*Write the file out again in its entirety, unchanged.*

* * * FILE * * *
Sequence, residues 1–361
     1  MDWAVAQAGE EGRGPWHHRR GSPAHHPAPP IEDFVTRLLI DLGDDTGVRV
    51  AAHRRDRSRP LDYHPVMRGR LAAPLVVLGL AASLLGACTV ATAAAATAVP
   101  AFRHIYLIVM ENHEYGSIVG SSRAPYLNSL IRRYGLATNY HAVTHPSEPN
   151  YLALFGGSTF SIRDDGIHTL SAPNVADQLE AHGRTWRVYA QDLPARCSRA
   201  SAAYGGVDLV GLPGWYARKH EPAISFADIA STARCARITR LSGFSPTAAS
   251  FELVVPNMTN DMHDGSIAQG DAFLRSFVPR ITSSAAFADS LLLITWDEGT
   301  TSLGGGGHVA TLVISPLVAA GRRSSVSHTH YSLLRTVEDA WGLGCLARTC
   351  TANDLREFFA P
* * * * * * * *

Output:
Sequence, residues 1–361
     1  MDWAVAQAGE EGRGPWHHRR GSPAHHPAPP IEDFVTRLLI DLGDDTGVRV
    51  AAHRRDRSRP LDYHPVMRGR LAAPLVVLGL AASLLGACTV ATAAAATAVP
   101  AFRHIYLIVM ENHEYGSIVG SSRAPYLNSL IRRYGLATNY HAVTHPSEPN
   151  YLALFGGSTF SIRDDGIHTL SAPNVADQLE AHGRTWRVYA QDLPARCSRA
   201  SAAYGGVDLV GLPGWYARKH EPAISFADIA STARCARITR LSGFSPTAAS
   251  FELVVPNMTN DMHDGSIAQG DAFLRSFVPR ITSSAAFADS LLLITWDEGT
   301  TSLGGGGHVA TLVISPLVAA GRRSSVSHTH YSLLRTVEDA WGLGCLARTC
   351  TANDLREFFA P